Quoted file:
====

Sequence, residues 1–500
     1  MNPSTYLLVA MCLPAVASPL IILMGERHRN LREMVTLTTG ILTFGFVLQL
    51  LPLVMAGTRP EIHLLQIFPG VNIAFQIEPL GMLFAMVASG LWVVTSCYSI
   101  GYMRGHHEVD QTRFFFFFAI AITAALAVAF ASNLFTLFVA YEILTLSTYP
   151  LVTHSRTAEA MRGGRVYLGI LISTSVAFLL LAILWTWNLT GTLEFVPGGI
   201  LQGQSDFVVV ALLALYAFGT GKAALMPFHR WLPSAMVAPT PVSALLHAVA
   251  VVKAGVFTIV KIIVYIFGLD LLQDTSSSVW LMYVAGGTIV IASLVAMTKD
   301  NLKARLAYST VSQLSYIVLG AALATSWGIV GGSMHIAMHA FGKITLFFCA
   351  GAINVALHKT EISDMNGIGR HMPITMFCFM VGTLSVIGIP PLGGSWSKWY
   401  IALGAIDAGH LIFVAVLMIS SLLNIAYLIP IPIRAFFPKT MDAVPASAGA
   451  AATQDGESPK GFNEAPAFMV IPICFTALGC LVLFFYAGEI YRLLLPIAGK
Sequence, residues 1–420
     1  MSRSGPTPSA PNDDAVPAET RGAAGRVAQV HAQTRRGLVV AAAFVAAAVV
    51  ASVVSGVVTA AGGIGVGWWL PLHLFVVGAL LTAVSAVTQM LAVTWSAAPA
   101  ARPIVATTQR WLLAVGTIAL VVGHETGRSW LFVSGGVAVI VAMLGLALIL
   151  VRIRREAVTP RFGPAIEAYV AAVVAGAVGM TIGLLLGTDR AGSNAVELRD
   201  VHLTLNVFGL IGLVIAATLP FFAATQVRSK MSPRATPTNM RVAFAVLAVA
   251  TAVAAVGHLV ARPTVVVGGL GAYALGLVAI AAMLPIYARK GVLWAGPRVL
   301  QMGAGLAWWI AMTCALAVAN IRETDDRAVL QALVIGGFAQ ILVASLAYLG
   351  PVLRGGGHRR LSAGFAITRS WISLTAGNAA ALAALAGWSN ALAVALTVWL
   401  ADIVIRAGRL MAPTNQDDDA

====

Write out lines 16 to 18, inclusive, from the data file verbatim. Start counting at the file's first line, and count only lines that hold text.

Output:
   151  VRIRREAVTP RFGPAIEAYV AAVVAGAVGM TIGLLLGTDR AGSNAVELRD
   201  VHLTLNVFGL IGLVIAATLP FFAATQVRSK MSPRATPTNM RVAFAVLAVA
   251  TAVAAVGHLV ARPTVVVGGL GAYALGLVAI AAMLPIYARK GVLWAGPRVL